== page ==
Sunday, May 13, 2018

Marie-Antoinette and Empress Alexandra: Who is More Tragic?

They are two of the most tragic consorts in history, both having the blood of Mary Stuart. I think that the Queen of France had the more tragic life. Alexandra got to marry her great love and that makes all the difference in the world. Louis and Antoinette loved each other, but few loves can compare with the grand passion of Nicky and Alix. Both women were devoted to their children and tried to have a real family life with them. Both loved the "simple life" and tried to create quiet refuges amid the splendor of the court. Both women were vilified in ways that transcended all reality by their political enemies. In order to pull apart a family, destroy the image of the mother; in order to bring a nation into revolution, then destroy the reputation/image of the queen/empress, who was the mother-figure of the people. If they could convince the people that the queen/empress was evil and that the king/tsar was an idiot, then it meant the children were no good and the entire family should be gotten rid of.

 It was a deliberate ploy. Antoinette and Alexandra are tragic because no matter what they did it played into the hands of their enemies.  The Great Catherine outwardly had lovers and no one held it against her and she was loved by the people. Napoleon's Josephine spent more money on clothes in one year than Marie-Antoinette did in her entire life and yet Josephine was popular with the French people. It is sad that two women of virtue like Antoinette and Alexandra should be so terribly misunderstood.

There are other connections between the two consorts. Here are some reflections from Royal Central:
In the year of their coronation in 1896, Tsar Nicholas II and Tsarina Alexandra Feodorovna made a vital State Visit to France, during which the foundation stone of the elegant Pont Alexandre III was laid. The ‘Hesse Princesses’ of Marie Antoinette’s youth made a family trip to Paris in 1780, with their father, Prince George William of Hesse. As part of this visit, Marie Antoinette invited Princess Louise, the future Landgravine of Hesse, her husband, Prince Louis and her brother, Prince Frederick of Hesse, to visit her beloved private retreat of the Petit Trianon. This was a sure sign of royal favour: ‘It’s looking so beautiful that I should be charmed to show it to you’ (Ibid, Pg 210). During a performance at Versailles, Princess Charlotte even sat in the Queen’s box at the opera (Ibid, Pg 210).
As part of the Russian Imperial State Visit, Alexandra was ‘assigned’ the rooms of Marie Antoinette at Versailles for one night. If she considered her Hesse forebears having been invited to Versailles in 1780, she made no mention of it. Alexandra was directly related to Landgravine Louise, as Antonia Fraser has observed, as her fourth cousin, four generations removed (Ibid, Pg 538). Alexandra’s father, Grand Duke Ludwig IV, was the nephew of Grand Duke Ludwig III of Hesse – the grandson of Grand Duke Ludwig I – as Landgravine Louise’s husband became known, the title of Hesse becoming Hesse and by Rhine in 1816. According to Antonia Fraser’s biography, Alexandra was “delighted” (Ibid, Pg 538) with being given Marie Antoinette’s rooms, which presumably, given the fact that she stayed overnight, must have been the glorious Queen’s State Bedchamber, as there is no mention of the Trianon, nor did Marie Antoinette’s private quarters contain her bed. Alexandra’s biographer, Greg King, states that in Marie Antoinette’s rooms, Alexandra spent the night underneath “the damask canopy of the doomed queen’s bed”, citing Alexandra’s earlier biographer Baroness Buxhoeveden, for this (Greg King, The Last Empress, Pg 115, 1994).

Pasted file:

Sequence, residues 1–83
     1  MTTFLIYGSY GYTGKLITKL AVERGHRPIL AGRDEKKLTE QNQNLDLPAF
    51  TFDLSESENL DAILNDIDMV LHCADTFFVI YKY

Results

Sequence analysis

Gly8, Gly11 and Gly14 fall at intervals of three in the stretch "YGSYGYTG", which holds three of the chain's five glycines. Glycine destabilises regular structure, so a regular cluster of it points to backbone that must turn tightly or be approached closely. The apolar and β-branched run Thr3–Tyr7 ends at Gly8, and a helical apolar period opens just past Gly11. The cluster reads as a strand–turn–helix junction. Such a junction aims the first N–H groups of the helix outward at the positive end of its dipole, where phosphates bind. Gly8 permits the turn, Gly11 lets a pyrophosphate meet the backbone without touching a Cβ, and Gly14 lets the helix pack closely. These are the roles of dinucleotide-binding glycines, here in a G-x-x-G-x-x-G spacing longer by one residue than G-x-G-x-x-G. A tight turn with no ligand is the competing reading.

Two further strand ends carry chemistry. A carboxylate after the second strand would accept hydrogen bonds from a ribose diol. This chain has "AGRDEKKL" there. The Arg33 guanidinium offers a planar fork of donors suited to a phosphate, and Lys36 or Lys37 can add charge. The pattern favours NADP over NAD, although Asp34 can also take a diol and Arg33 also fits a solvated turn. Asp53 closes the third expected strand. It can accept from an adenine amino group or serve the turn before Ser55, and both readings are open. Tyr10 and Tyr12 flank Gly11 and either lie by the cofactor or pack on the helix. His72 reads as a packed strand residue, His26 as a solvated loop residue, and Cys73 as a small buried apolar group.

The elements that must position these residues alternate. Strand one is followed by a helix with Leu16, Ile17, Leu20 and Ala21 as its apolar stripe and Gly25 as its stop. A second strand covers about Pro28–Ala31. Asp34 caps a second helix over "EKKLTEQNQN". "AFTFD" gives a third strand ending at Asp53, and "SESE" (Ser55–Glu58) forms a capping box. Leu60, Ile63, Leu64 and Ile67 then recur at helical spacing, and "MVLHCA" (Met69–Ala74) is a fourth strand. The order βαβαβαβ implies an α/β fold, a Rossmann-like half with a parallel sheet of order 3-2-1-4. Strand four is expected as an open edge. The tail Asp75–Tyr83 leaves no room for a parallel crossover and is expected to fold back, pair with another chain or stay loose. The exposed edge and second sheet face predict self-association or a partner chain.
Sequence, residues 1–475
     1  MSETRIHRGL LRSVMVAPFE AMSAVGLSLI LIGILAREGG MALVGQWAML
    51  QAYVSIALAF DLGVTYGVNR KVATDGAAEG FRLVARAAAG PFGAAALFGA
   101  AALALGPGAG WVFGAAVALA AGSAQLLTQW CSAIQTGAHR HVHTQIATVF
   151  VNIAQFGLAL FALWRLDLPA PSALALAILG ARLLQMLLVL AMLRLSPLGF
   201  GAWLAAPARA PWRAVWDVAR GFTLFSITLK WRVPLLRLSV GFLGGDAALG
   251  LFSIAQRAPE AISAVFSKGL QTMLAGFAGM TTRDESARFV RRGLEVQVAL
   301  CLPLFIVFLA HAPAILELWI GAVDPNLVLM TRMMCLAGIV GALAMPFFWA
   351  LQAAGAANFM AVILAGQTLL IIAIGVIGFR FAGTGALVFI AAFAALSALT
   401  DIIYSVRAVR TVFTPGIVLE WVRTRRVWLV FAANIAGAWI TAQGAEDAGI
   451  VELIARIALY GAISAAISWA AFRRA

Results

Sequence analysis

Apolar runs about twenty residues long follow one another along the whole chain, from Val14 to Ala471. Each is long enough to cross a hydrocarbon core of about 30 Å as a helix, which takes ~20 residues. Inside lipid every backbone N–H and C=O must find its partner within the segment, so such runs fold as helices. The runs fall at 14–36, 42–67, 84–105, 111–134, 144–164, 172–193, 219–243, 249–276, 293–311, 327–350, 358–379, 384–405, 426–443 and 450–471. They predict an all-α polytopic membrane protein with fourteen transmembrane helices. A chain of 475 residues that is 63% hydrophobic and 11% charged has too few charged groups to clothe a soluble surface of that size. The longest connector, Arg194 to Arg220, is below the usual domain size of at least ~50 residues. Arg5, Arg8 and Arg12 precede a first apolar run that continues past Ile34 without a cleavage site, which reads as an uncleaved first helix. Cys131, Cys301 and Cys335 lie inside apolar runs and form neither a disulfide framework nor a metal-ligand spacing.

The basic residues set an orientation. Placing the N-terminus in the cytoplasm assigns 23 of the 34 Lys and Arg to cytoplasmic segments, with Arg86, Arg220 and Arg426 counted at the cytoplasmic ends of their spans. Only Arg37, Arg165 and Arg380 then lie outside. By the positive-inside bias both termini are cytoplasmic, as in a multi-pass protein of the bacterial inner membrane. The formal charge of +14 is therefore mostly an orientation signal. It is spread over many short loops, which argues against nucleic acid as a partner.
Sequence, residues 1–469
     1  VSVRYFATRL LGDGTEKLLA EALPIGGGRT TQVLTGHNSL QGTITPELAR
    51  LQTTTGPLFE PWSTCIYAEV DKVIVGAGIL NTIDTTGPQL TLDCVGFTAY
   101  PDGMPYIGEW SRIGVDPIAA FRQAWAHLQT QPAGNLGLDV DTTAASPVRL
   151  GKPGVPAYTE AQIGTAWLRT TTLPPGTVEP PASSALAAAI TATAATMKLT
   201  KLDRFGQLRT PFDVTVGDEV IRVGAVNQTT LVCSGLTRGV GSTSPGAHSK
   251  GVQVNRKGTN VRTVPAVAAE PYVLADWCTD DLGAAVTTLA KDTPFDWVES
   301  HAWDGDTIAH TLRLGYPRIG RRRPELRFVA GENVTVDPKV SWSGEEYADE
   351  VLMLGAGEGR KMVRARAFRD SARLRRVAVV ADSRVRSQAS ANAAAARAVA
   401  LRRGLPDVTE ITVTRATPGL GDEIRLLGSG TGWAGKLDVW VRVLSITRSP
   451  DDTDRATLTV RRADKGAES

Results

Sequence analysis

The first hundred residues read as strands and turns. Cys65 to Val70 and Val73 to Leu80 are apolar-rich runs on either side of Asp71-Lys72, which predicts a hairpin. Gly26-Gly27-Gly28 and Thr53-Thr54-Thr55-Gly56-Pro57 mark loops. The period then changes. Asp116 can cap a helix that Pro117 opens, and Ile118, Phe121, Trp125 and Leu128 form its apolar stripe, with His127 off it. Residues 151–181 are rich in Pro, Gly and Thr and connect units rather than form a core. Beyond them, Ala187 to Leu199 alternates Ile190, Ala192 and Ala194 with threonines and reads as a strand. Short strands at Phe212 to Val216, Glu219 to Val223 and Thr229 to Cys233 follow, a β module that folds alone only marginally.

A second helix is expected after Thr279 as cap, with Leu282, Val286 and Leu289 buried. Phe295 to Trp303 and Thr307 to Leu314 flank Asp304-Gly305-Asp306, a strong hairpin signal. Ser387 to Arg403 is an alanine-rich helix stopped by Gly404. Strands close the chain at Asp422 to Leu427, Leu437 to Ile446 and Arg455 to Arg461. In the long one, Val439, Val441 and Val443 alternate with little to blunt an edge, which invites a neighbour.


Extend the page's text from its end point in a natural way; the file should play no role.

As a result of this visit, Alexandra would later tell her daughters, the four Grand Duchesses, tales of Paris and Versailles, according to Buxhoeveden (Baroness Sophie Buxhoeveden, The Life & Tragedy of Alexandra Feodorovna, 1928). Alexandra’s suite, by contrast, had found the fact that the young Tsarina had been given Marie Antoinette’s rooms at Versailles “ominous”, while the Tsarina herself was “thrilled” by Versailles (Ibid, Pg 75). In a pleasant parallel to the theatrical performance given for Marie Antoinette’s ‘Hesse Princesses’, the Tsarina attended a theatrical performance at Versailles with the Tsar, in the Salon d’Hercule (Ibid, Pg 75).

There were other associations, however. According to Marfa Mouchanow’s 1918 book My Empress, Alexandra had the Imperial Bedroom at the Winter Palace used by herself and Tsar Nicholas, hung with silk, itself inspired by a pattern used in Marie Antoinette’s rooms at the chateau of Fontainebleau (King, Pg 90). (Read more.)
My book Marie-Antoinette: Daughter of the Caesars has a great deal about Marie-Antoinette's friendships with the Hesse sisters as well as her friendships with the future Tsar Paul and his wife Maria Feodorovna, ancestors of Nicholas II.


1 comment:

julygirl said...

In both cases, and even to this day, the 'media' is in the forefront of spreading negative information. The 'press' is free to interpret and print whatever suits their purposes in order to manipulate public thought and discourse which negates the people's free choice. The danger in this is that entire governments and/or monarchies have been destroyed as well as innocent reputations and lives, and in many cases even the lives of the children involved.